MIOPS Smart controllable camera and flash trigger review

We use affiliate links. If you buy something through the links on this page, we may earn a commission at no cost to you. Learn more.

REVIEW – Each photographer has his or her own type of photography that is special to them. I like to photograph subjects in nature, and I also like to use existing objects to create my scenes. Water drop photography is a favorite of mine, and this device promises to greatly help me to expand my creativity.

What is it?

The MIOPS Smart is a device that responds to Lightning, Sound, Laser, Timelapse, HDR and more to trigger the shutter of a camera to take a picture.

What’s in the box

1 x MIOPS Smart
1 x Mini USB Cable
1 x Camera Trigger cable
1 x Quick Start Guide

Design and features

The MIOPS Smart is a small and nicely built camera shutter trigger that can be activated in several modes. On the front there is a display screen and buttons to navigate the screens should you choose to do so from the device. On the side under a removable cover, there is a port for extension DIY projects, a flash trigger port, a camera trigger port, and a mini USB port for charging the battery.

On the top, in addition to the control buttons and the display screen, there is the trigger LED, the power LED and the on/off power button.

On the front (side), there are an infrared sensor and a motion sensor lens.

On the back of the MIOPS Smart, there is a 1/4-20mm female mount that sits on a Hot Shoe mount, the microphone and a battery door that covers the slot that holds the rechargeable battery.


While you can control the MIOPS Smart via the buttons on the device, the optimal way to use it is via the app. It has several operational modes and setup screens that are available via the app.


Once you install the app and launch it, and turn on the MIOPS Smart, it appears on the app. If you have more than one MIOPS device turned on, they will all show up as available for selection.

Once you select the MIOPS Smart by touching the icon on the screen, it connects to the app and is ready to be controlled via the app. At this stage, all of the available modes and options are available on the left of the screen. (I used the app on my Pad for this demonstration)

Subscribe to The Gadgeteer Daily Digest newsletter

Never miss one of our posts again. Sent MON, WED, and FRI with the latest gadget reviews and news!

Scenario option:

For example, you can create custom scenarios by combining all available modes with up to five different steps. You can do so by using any combination of the sensors or by using different sensors for various steps of your scenario. For instance, you may want the MIOPS to trigger the camera shutter to take a picture after an object breaks the laser beam and then makes a sound either from hitting a surface or by some other action.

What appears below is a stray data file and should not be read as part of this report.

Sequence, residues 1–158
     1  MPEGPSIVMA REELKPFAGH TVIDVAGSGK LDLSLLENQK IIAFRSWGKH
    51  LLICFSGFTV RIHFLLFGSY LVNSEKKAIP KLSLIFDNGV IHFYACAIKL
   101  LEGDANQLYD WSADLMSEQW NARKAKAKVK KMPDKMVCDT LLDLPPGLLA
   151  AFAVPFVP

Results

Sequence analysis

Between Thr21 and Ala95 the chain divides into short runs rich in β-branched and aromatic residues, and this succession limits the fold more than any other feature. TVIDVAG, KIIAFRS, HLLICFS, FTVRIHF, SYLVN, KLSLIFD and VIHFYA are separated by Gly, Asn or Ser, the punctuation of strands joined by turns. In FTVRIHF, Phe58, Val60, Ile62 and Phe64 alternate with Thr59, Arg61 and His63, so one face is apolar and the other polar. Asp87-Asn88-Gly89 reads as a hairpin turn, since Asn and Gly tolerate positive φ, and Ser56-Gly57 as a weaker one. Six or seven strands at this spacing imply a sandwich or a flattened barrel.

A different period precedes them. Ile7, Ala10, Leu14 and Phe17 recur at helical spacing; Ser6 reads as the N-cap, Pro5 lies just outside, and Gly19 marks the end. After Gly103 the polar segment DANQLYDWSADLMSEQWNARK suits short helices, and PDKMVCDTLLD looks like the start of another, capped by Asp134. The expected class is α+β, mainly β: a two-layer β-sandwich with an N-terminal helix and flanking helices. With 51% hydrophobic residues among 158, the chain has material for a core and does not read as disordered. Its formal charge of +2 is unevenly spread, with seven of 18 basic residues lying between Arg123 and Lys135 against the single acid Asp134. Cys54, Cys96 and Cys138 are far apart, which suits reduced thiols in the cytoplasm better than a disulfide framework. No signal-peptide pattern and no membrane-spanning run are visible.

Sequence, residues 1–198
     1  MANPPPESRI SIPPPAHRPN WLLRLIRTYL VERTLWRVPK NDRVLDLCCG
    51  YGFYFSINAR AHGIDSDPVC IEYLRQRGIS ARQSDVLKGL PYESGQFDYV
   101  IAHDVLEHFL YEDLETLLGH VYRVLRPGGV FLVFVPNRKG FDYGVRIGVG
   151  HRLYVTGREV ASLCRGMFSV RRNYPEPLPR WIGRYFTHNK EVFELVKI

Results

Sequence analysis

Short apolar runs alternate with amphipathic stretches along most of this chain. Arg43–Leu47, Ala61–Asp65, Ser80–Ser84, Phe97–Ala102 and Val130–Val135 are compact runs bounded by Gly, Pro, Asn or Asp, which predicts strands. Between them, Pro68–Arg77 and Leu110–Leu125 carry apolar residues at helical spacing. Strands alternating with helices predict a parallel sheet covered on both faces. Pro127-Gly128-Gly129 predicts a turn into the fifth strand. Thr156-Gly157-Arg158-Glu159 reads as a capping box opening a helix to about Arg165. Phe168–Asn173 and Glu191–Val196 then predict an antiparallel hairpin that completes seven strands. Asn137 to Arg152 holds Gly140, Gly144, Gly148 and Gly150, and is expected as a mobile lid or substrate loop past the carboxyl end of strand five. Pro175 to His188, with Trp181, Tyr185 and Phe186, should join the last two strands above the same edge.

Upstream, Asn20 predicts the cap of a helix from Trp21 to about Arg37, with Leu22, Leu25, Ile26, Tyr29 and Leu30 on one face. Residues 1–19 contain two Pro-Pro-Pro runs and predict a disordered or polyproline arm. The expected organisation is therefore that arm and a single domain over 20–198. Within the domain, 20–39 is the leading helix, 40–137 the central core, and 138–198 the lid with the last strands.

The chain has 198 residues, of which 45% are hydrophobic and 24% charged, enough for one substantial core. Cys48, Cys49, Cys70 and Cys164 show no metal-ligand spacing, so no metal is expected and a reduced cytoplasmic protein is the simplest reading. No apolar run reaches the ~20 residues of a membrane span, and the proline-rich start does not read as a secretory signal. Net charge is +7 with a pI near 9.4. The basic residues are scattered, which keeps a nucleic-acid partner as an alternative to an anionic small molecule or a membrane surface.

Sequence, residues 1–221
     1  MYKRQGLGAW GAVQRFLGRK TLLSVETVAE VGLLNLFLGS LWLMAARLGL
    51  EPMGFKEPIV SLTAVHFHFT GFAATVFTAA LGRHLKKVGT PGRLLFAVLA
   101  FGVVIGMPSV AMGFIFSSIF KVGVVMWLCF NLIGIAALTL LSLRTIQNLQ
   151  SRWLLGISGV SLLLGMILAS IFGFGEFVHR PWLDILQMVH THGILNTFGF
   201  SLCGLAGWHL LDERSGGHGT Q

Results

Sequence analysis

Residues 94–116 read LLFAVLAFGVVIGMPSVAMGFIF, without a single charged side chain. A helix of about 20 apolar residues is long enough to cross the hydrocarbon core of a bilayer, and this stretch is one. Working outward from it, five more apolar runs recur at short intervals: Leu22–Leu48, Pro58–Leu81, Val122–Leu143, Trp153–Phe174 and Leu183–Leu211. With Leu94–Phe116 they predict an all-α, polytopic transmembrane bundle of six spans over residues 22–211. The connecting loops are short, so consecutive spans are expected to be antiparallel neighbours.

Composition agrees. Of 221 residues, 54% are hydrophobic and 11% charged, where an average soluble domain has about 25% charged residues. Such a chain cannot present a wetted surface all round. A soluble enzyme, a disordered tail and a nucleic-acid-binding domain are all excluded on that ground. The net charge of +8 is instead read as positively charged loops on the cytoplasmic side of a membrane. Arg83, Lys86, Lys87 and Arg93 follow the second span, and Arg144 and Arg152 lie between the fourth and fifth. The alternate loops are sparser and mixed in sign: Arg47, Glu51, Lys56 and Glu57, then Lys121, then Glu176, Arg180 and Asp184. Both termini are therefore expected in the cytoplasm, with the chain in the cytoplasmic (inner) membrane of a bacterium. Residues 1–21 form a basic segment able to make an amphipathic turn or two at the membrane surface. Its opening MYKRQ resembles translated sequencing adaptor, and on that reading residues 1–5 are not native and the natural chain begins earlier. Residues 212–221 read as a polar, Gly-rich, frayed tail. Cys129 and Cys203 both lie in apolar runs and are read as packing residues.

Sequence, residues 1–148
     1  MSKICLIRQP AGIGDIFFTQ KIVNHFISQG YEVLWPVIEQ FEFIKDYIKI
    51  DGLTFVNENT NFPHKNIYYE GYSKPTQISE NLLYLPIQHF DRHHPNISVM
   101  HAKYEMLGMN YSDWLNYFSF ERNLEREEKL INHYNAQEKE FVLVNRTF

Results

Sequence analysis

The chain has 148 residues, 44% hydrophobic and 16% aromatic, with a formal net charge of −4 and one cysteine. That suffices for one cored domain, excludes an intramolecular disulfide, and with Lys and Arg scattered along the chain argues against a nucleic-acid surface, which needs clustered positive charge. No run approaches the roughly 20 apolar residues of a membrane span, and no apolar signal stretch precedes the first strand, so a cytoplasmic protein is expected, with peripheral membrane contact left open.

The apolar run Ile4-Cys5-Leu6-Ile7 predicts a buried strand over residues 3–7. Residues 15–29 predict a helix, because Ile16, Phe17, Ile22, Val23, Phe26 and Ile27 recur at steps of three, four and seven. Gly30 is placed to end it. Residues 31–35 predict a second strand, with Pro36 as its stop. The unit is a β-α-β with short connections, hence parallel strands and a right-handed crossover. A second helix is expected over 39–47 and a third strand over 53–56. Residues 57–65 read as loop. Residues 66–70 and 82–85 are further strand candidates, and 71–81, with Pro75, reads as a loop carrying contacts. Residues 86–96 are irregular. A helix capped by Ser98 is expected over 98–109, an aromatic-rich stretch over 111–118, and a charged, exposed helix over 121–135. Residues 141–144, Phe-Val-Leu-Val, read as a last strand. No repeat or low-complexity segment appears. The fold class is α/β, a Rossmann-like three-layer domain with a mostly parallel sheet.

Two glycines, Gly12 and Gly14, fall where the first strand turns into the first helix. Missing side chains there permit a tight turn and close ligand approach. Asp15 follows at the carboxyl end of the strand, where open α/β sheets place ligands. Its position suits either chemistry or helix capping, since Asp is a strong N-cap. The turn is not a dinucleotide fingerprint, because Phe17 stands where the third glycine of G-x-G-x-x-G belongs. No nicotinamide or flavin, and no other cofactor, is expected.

Lightning option:

This option has one screen which gives you the ability to set the sensitivity level to trigger the device.

Sound option:

Settings for Sensitivity, Delay, and Lock.

Laser option:

Threshold, Delay and Frame settings screens.

Time Lapse option:

Settings for Interval, Exposure, and Limit

Bulb Ramping option:

There are 4 settings screens for this option: Interval; First Exposure; Last Exposure; Frame.

HDR option:
Settings screens are for: Center; EV (+-); Frame.

DIY option:
Settings screens: Threshold; Delay; Mode.

Cable Release option:

For my testing of the MIOPS Smart, I chose the sound option. I set up for water drop photography using the MIOPS Splash Water Drop Kit and the MIOPS Smart, within a photography lightbox enclosure. (Additional items like a catch basin for the water, etc are necessary)

The enclosure that I used does not have any built-in lighting. To light the effect, I used a flash strobe with a colored gel insert. To take the pictures, I used a Canon EOS 7D Mark II with a 70mm Sigma Art Macro Lens. The MIOPS Smart was connected to the 3-pin trigger port on the Canon and mounted close to the MIOPS Splash. A flash trigger transmitter was attached to the shoe on top of the camera, and a receiver was connected to the strobe. I used 2 iPhones to simultaneously control the MIOPS Splash app and the MIOPS Smart app. When I trigger the MIOPS Splash device to drop water, the mechanism makes a sound that in turn triggers the MIOPS Splash to trigger the camera shutter. This setup takes time and a whole lot of patience to get the size and timing of the waterdrops as desired, as well as to get the sensitivity and timing correct for the MIOPS Splash to receive the sound and trigger the camera to take the picture at the right time. This setup is actually one of my less complicated setups and describing the details of it is challenging.

The MIOPS Smart is a great device, and I do plan to try it with a laser beam for the laser option, as well as with lightning when a safe and convenient opportunity presents itself. The following are 2 pictures of water drops that were taken as a part of the testing:

What I like

I like the build quality and the functionality of this device. So far it has worked flawlessly and has allowed me to increase my photography creativity.

What can be improved

1: Longer camera trigger cables must be made available
2: Include a tested laser that works with the device. (They are quite inexpensive but all may not work with this device)

Final thoughts

The MIOPS Smart is a great camera trigger device that is nicely built, and that offers endless opportunities for creative photography. I am thoroughly enjoying using it, and every day I am designing more elaborate photo opportunities. As long as it continues to function well, it is well worth it.

Price: $219
Where to buy: MIOPS Website or Amazon
Source: The sample for this review was provided by MIOPS.

Leave a Comment

Your email address will not be published.